Hockaday stays at Leeds
Leeds owner Massimo Cellino has given boss Dave Hockaday an unexpected lifeline after changing his decision to sack him after only five games in charge.
- Related Content
Cellino earned his unflattering nickname of the 'manager eater' during his time in charge of Cagliari, where he went through 36 managers in 20 years, and he has already looked to pull the trigger during his short time at Leeds.
Hockaday - the man he appointed to much derision in June owing to his limited experience - was set to be his next sacking in the wake of Leeds' 4-1 defeat at Watford on Saturday, but 57-year-old Italian Cellino has had an unexpected change of heart.
Cellino admitted in local media interviews that Hockaday was set for the exit door, before the club's official Twitter account said on Sunday night: "In response to recent media speculation the club can confirm that David Hockaday remains the head coach of Leeds United."
Cellino attempted to sack then-Leeds manager Brian McDermott within hours of verbally agreeing a deal to buy a controlling stake in the club with GFH Capital at the end of January.
McDermott stayed until the end of the season and departed by mutual consent at the end of May.
Sunday was Hockaday's 66th day in charge of Leeds, having been given the job by Cellino to much surprise, with the Italian saying at his unveiling that he could not remember who tipped him off about the former Hull defender whose best managerial return is a 10th-placed finish with Conference side Forest Green.
Hockaday insisted he was not shocked to get the call from Cellino, though, citing extensive coaching experience with the likes of Southampton and Watford.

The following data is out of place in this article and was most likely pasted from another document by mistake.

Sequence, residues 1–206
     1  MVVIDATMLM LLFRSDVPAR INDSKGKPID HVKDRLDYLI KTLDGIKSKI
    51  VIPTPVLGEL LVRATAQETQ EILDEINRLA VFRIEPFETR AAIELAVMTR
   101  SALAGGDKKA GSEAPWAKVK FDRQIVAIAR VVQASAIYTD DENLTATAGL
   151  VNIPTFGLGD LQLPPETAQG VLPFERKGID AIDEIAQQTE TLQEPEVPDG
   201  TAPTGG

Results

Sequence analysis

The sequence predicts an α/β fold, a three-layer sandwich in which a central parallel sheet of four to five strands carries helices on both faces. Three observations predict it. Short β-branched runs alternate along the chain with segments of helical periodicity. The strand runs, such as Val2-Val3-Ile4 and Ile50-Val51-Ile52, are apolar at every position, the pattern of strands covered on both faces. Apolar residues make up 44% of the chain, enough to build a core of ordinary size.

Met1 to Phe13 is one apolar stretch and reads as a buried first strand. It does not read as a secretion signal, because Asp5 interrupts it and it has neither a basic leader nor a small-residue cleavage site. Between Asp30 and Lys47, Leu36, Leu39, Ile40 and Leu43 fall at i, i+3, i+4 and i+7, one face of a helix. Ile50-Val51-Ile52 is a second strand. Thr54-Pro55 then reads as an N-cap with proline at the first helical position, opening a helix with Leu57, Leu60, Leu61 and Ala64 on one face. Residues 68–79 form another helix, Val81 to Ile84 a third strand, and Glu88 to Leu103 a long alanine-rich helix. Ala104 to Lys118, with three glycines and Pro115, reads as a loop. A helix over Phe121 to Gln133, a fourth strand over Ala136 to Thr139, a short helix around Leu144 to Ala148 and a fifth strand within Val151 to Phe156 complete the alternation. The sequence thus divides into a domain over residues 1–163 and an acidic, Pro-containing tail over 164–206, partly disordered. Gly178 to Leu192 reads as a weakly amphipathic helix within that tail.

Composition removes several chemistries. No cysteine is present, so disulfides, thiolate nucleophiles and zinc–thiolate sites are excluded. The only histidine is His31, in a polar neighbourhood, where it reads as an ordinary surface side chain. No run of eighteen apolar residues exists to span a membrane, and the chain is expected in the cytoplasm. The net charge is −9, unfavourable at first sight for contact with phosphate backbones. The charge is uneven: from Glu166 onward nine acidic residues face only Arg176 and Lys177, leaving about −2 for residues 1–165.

When he oversaw a 1-0 win over Middlesbrough in his first home game in charge last weekend, he appeared to be proving a point.
Defeats to Brighton and Watford since then have turned an already-upset support against him, however, with chants of "This club's too big for you" heard at both games.
It appeared that Cellino thought the same thing on Saturday night and Sunday morning
Speaking to the Yorkshire Evening Post, Cellino said: "Yes, I decided to sack him. I said 'he's finished.' But I learned a long time ago to wait on a decision for 24 hours."
Hockaday has been keen to point out that his remit is to coach the players and not negotiate transfers and Cellino, who has signed some 11 new faces, added: "If I fire the coach I should fire myself because I haven't signed enough good players. How can that be his fault."
As a result Cellino has opted to stick with what he has, adding: "We are missing four or five players still. We are not good enough. I am the president so I should only sack myself, not Hockaday.
"I want to do everything too fast - I want 15 new players, I want to be in the Premier League, I don't want the old coach, I want a new one. I want to build Rome in 12 hours but it doesn't happen. If another coach comes in and we have the same problems, we are back in the s***. So I'll wait."